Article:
When it comes to the economy, attitude may not be everything, but, according to a new study by a UCI economist, it sure is important. 

Fabio Milani, UCI economics assistant professor, has developed a new economic model that is the first to quantify the effects psychological factors play on the U.S. business cycle.   Results indicate irrational optimism and pessimism, rather than traditional market force changes, are linked to a majority of booms and busts that have occurred since the early 1970s, when forecaster data began being tracked.  

The study is on file as a working paper with the Centre for Economic Policy Research in London and the Euro-Area Business Cycle Network, a joint venture between the center and European central banks. 

“Current macroeconomic models used to describe the U.S. economy assume the market is a stable system, populated by rational individuals, and influenced by random changes in supply, demand, policy, technology, and other traditional factors. We know, however, based on the high level of volatility in the economy which can often occur in conjunction with apparently far less fluctuating levels of change in traditional forces, that this is not always the case.  There is something else at play.” 

His new behavioral model brings into the equation the independent influence of shifts in expectations unrelated to fundamentals.  Long believed and widely assumed to play a role in economic fluctuations, these psychological shifts, he says, are hard to quantitatively prove and, as a result, have been ignored in modern macroeconomics.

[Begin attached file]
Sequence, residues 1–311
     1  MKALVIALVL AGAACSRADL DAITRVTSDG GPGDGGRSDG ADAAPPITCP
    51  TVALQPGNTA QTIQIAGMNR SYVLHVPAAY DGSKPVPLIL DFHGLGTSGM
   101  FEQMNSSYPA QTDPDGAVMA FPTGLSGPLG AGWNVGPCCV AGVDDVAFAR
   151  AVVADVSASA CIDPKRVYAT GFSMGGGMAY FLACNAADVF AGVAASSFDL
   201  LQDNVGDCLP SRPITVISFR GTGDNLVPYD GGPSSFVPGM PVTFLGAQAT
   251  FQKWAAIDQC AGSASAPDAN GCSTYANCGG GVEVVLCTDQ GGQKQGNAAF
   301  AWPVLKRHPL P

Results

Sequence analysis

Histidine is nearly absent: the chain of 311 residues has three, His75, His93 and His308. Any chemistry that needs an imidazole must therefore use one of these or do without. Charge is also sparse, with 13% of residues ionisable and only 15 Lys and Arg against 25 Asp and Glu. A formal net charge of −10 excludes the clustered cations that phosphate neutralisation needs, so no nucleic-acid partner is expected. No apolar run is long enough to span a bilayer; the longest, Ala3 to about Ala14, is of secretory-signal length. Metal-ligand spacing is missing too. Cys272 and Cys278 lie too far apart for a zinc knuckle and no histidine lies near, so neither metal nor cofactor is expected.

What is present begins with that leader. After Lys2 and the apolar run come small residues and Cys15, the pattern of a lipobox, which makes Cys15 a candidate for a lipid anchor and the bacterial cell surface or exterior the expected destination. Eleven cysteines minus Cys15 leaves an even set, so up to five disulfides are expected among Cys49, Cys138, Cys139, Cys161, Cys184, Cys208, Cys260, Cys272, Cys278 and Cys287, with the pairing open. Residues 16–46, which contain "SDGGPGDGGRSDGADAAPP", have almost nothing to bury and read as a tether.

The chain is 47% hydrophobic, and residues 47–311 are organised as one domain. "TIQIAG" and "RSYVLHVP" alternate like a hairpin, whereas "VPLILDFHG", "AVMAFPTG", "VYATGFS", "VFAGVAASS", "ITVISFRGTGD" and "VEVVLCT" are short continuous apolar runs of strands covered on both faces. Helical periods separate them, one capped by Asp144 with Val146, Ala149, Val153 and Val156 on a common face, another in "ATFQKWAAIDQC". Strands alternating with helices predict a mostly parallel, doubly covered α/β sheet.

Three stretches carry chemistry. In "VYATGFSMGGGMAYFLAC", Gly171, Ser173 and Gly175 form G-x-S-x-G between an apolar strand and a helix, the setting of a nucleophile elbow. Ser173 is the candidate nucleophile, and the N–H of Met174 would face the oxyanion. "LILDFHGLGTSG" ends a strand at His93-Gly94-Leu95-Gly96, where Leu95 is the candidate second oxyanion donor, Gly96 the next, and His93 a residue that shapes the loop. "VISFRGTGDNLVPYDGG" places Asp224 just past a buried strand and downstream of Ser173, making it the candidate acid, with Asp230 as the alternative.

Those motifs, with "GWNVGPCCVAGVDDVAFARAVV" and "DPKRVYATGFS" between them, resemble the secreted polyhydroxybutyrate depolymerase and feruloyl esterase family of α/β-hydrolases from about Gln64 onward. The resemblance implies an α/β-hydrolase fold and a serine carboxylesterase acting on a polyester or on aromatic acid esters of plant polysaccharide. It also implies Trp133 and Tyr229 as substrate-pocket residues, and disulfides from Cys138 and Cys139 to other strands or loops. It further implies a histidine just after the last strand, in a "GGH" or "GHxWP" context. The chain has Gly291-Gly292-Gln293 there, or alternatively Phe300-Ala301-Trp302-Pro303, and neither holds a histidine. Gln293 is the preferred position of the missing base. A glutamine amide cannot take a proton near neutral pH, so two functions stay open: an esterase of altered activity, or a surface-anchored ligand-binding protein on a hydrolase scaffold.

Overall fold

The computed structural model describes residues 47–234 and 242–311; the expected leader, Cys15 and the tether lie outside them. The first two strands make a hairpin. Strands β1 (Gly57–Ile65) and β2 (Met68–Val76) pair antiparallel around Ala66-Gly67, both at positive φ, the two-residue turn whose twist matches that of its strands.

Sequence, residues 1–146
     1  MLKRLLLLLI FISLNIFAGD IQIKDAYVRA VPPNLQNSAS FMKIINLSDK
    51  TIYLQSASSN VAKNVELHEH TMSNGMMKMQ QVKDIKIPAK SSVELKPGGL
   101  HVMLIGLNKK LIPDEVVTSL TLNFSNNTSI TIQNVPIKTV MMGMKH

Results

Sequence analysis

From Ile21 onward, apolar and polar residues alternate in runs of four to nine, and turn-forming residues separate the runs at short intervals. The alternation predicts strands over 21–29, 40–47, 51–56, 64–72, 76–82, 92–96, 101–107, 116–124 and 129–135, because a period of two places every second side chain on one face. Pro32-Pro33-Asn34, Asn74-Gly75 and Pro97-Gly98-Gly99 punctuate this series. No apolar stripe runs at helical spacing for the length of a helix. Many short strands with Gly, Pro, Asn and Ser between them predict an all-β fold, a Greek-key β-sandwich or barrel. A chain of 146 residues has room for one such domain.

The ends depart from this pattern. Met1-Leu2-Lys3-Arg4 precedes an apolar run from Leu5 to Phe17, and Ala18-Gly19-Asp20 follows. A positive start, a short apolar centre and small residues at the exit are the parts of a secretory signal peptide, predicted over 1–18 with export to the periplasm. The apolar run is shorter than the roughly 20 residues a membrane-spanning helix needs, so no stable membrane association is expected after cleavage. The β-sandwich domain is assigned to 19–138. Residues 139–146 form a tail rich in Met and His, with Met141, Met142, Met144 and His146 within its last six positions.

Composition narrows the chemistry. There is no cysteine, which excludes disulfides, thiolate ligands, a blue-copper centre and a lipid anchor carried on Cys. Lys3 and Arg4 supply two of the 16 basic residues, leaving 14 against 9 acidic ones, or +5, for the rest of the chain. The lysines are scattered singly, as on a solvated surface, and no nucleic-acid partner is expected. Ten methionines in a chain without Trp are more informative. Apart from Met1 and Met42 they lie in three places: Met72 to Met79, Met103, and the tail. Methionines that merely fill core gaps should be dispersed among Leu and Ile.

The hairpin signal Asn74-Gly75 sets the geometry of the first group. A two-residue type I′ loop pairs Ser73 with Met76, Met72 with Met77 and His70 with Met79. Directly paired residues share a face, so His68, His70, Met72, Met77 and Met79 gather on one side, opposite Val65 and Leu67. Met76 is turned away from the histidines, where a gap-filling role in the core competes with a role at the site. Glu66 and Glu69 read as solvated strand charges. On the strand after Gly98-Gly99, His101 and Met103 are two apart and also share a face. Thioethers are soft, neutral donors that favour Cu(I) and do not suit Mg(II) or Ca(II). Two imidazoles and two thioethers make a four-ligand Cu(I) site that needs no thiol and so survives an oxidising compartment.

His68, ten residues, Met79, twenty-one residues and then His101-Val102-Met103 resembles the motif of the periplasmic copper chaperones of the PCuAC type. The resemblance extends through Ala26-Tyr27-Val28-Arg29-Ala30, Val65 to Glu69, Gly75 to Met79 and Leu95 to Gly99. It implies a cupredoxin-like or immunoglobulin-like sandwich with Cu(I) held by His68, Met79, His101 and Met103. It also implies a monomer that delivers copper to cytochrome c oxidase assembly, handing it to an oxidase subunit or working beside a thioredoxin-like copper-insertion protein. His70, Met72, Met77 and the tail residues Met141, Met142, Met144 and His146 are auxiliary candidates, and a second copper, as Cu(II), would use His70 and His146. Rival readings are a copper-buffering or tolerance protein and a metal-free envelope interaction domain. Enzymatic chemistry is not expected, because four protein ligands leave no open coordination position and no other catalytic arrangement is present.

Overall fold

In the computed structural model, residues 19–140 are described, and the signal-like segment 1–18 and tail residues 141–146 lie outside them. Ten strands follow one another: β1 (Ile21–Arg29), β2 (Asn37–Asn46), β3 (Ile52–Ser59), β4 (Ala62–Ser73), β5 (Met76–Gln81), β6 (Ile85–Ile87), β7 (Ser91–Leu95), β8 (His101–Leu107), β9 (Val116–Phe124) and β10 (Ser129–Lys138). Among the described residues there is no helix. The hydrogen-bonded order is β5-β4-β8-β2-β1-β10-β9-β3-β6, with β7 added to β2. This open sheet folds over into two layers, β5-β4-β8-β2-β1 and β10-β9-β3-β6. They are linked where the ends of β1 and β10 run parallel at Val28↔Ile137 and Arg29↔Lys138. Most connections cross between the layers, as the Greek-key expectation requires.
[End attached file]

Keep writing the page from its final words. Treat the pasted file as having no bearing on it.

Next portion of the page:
Using macroeconomic data on gross domestic product, inflation, and interest rates, and information on expectations about the same variables from the Survey of Professional Forecasters from the early 1970s through 2009, he is able to show where real-time projections deviated from those produced using standard economic models.  The deviations, which he classifies as irrational optimism or pessimism accounted for more than 50 percent of actual business cycle fluctuations which occurred during this same time frame.

“This quantitatively confirms what many have suspected – psychology is important for the economy and, sometimes, it can lead to self-fulfilling prophecies,” he says.  On average, he says, it takes several quarters before the effects of these errors of unsubstantiated optimism or pessimism die off. 

What does all this mean?  For policy makers, he says, it points to a need for more proactive – rather than passive – fiscal and monetary policy strategies. 

“If you leave an economy open to market forces without intervention, it will be much more susceptible to these high levels of fluctuation which derive from psychological variables.” 

For academics and economists, he says, the findings point to a need for reexamining standard macroeconomic models which focus wholly on fundamental traits at the exclusion of behavioral elements and less-than-fully-rational expectations. 

“Economists have long been criticized for giving precedence to the elegance of their models and assumptions, rather than realism,” he says. “There is a lot more interest now, after the last recession, in moving away from the standard frameworks and focusing on some of these behavioral characteristics which could be useful to better understand how the economy really functions and where it’s headed.”

Learn more about Milani’s findings online at http://www.eabcn.org/sites/all/files/DP7743.pdf.
 

 

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